First Canadian Library Technician program started at the Manitoba Institute of Technology in Winnipeg as a one-year certificate program


The Vancouver School Board’s proposal to establish a “city college” to “provide technical, vocational and academic education at the post-secondary level in accordance with provincial legislation for district colleges” was accepted. The college was to continue to provide for the adult high school classes already in operation at King Edward Centre, and would also operate in conjunction with the Vancouver Vocational Institute and the Vancouver School of Art, to avoid duplication of specialized facilities, and to ensure the maximum course selection n the programs offered. It was already determined that the King Edward site was unsuitable for further expansion, so a site at 49 th Avenue and Ontario Street was selected for an uptown campus, to be called Langara. Among the course offerings proposed for the new college was “Library Services.”


The King Edward Centre of Continuing Education, located at 12 th Avenue and Oak Street, opened in September 1965 in what was the oldest high school in Vancouver. It was one of the first regional junior colleges to be established in B.C.; its initial student complement was 2,000 students.


The first courses in the new “Library/Museum Assistant” program are offered, under program director Marjorie Sing. Regarding the new program, the course calendar for 1966-1967 stated “Discussions are being held with representatives of the Vancouver Public Library system, the Vancouver museums and aquarium with the view to establishing a training program leading to employment in these institutions. The program will include training in clerical skills, display techniques, cataloguing systems, communication skills, and other topics, which would enable the student to assist the librarian or director in serving the public. A committee has been established to develop the training program and a more detailed outline of studies will be developed shortly. It is hoped that the program will start in September 1966.” It was anticipated that a number of projects for Canada’s centenary year would provide an increased demand for skilled technicians in libraries and museums.


The courses in the one-year Library/Museum Assistant Program include: two courses in English (Communication and Advanced Communication), Typing and Supervised Typing, Display Techniques, Psychology, Library or Museum Philosophy and Function, Library or Museum workshop, and Library or Museum Techniques.


Nine graduates in the Library Assistant program.


Two separate one-year certificate programs – Library Assistant and Museum Assistant – are established. Virginia Chisholm becomes the director of the Library Assistant program. New courses added to the program include: Mechanical Aids, Personnel Management, Library Techniques, and Library Fieldwork.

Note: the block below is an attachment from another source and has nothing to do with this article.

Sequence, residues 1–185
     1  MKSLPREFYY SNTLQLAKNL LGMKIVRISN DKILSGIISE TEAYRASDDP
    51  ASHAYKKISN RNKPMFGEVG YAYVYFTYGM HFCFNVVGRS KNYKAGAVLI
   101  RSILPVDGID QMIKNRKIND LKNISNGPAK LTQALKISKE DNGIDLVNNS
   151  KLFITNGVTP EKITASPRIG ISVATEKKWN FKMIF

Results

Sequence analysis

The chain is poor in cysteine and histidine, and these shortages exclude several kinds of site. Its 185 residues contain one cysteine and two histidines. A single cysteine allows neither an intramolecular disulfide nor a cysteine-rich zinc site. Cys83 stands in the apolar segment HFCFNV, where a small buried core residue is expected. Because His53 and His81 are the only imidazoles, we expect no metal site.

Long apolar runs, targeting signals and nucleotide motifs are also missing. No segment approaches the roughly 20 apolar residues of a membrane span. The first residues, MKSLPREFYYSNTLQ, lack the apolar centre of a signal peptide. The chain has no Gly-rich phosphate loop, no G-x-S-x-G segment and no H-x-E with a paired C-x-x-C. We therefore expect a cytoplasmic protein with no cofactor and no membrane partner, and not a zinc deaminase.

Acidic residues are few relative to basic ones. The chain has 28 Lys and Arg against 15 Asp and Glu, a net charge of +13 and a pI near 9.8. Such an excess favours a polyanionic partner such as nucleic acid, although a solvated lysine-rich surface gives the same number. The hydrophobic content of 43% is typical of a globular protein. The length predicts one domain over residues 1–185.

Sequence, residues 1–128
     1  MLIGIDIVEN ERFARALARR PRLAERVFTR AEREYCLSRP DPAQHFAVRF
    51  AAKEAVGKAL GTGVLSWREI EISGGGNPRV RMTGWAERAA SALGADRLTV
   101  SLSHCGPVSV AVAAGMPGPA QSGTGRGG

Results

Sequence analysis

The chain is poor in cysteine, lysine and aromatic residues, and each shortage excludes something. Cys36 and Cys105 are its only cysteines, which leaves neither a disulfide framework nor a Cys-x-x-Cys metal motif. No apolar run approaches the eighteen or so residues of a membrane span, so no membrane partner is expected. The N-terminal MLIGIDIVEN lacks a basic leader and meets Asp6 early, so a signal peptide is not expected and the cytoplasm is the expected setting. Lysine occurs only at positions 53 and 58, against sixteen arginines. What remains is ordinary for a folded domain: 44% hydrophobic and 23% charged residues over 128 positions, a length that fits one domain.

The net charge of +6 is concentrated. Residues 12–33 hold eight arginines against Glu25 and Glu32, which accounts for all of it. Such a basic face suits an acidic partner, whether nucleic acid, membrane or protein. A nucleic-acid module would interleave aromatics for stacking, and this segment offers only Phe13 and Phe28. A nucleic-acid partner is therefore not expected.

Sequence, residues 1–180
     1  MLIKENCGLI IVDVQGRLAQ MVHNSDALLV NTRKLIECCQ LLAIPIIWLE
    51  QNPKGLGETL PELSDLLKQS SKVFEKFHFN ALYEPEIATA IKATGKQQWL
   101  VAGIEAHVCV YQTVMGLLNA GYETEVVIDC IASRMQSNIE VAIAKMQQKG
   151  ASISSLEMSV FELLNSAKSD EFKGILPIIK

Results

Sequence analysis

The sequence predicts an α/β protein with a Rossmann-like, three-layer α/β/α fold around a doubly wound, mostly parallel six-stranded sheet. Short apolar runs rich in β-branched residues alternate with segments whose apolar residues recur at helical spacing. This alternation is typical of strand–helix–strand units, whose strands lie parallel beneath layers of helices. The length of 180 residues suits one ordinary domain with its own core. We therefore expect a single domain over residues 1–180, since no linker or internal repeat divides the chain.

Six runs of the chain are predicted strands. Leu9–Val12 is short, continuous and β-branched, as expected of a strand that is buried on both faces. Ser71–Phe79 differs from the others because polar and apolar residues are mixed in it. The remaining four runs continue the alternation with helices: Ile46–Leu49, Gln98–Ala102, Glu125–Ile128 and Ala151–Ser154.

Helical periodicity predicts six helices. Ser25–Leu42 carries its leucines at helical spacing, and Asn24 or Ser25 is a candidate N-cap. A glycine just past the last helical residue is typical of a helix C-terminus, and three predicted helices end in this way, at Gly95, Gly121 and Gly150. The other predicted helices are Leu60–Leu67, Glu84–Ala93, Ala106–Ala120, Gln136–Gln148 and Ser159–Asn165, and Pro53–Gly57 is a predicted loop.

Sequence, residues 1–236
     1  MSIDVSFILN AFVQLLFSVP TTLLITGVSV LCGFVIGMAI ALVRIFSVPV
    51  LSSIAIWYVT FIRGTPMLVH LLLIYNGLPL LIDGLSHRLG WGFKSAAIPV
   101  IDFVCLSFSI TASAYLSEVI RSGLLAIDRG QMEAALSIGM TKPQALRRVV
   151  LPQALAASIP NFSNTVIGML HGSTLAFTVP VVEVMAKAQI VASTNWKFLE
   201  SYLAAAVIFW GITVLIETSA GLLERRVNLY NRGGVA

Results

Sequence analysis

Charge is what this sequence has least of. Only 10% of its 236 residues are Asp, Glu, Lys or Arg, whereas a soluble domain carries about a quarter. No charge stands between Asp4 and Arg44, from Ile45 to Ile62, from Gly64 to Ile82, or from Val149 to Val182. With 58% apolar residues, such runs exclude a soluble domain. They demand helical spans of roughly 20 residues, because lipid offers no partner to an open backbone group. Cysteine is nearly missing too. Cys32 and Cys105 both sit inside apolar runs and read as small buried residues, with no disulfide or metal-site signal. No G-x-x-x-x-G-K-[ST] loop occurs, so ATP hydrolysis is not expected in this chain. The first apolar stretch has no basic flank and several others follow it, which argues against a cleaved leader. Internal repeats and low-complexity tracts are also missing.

On the morning of Tuesday, October 13, students and faculty process from the old King Edward Centre campus to the new Langara campus, interrupting studies and courses for only one-half day.


A two-year Library Technician diploma course is established at the Langara campus of Vancouver Community College. New courses added include: Nonbook Materials and Readers Services.


The first group of students graduated from the Library Technician diploma program.


Joan Anastasiou becomes program director, after Virginia Chisholm moves to the Douglas College Library. Virginia Chisholm continued to serve on the Langara Advisory Committee for the Library Technician Program for many years. After her death in 1999, the British Columbia Library Association and the Council of Post- Secondary Library Directors established an award in her name to honour her important role in the development of library technical training in British Columbia.

The award provides a BCLA conference registration for a Library Technician student in training in British Columbia.

1988 – 1991

Marilyn Ming becomes program director after Joan Anastasiou’s retirement.

1991 – 1995

Ann Calla serves as department chair


Langara College was established as an independent public college under the Provincial College and Institutes Act on April 1, 1994.

1995 – 1996

Ann Calla and Guy Robertson serve as co-department chairs of the program.

1996– 1998

Ann Calla serves as department chair.

1998 – 2004

Jacqueline Bradshaw serves as department chair.

2004 – 2011

Carol Elder  serves as department chair.

2011  – 2013

Susan Burdak serves as department chair.

2013  – 2020

Diane Thompson serves as department chair.

2020 -

Fiona Hunt serves as department chair.

Walker, Diane, compiler. A brief history of the Library & Information Technology Program At Langara College, Vancouver, British Columbia. Retrieved from http://www.bcla.bc.ca/ltaig/page/langara%20college%20program.aspx

Diane Walker is former LTAIG chair and committee member.